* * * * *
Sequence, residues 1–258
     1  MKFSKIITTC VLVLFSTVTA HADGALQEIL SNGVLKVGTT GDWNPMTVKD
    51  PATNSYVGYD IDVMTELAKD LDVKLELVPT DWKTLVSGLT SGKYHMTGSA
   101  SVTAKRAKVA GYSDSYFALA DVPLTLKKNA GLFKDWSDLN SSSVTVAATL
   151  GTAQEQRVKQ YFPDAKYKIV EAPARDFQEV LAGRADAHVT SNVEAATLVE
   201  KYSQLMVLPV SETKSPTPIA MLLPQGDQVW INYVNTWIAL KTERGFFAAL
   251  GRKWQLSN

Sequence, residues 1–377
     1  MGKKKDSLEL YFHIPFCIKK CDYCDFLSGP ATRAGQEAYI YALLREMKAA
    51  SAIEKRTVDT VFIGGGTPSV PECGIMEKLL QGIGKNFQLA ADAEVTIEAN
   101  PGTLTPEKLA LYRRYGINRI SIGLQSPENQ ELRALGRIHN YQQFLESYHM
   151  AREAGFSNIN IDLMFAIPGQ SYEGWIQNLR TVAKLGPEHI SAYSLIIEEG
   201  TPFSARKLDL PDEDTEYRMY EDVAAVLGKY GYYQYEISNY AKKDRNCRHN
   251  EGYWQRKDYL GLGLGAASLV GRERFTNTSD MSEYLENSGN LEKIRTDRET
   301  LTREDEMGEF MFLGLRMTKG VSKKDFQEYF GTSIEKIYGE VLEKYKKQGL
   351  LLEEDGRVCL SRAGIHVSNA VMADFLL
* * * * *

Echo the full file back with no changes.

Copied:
Sequence, residues 1–258
     1  MKFSKIITTC VLVLFSTVTA HADGALQEIL SNGVLKVGTT GDWNPMTVKD
    51  PATNSYVGYD IDVMTELAKD LDVKLELVPT DWKTLVSGLT SGKYHMTGSA
   101  SVTAKRAKVA GYSDSYFALA DVPLTLKKNA GLFKDWSDLN SSSVTVAATL
   151  GTAQEQRVKQ YFPDAKYKIV EAPARDFQEV LAGRADAHVT SNVEAATLVE
   201  KYSQLMVLPV SETKSPTPIA MLLPQGDQVW INYVNTWIAL KTERGFFAAL
   251  GRKWQLSN

Sequence, residues 1–377
     1  MGKKKDSLEL YFHIPFCIKK CDYCDFLSGP ATRAGQEAYI YALLREMKAA
    51  SAIEKRTVDT VFIGGGTPSV PECGIMEKLL QGIGKNFQLA ADAEVTIEAN
   101  PGTLTPEKLA LYRRYGINRI SIGLQSPENQ ELRALGRIHN YQQFLESYHM
   151  AREAGFSNIN IDLMFAIPGQ SYEGWIQNLR TVAKLGPEHI SAYSLIIEEG
   201  TPFSARKLDL PDEDTEYRMY EDVAAVLGKY GYYQYEISNY AKKDRNCRHN
   251  EGYWQRKDYL GLGLGAASLV GRERFTNTSD MSEYLENSGN LEKIRTDRET
   301  LTREDEMGEF MFLGLRMTKG VSKKDFQEYF GTSIEKIYGE VLEKYKKQGL
   351  LLEEDGRVCL SRAGIHVSNA VMADFLL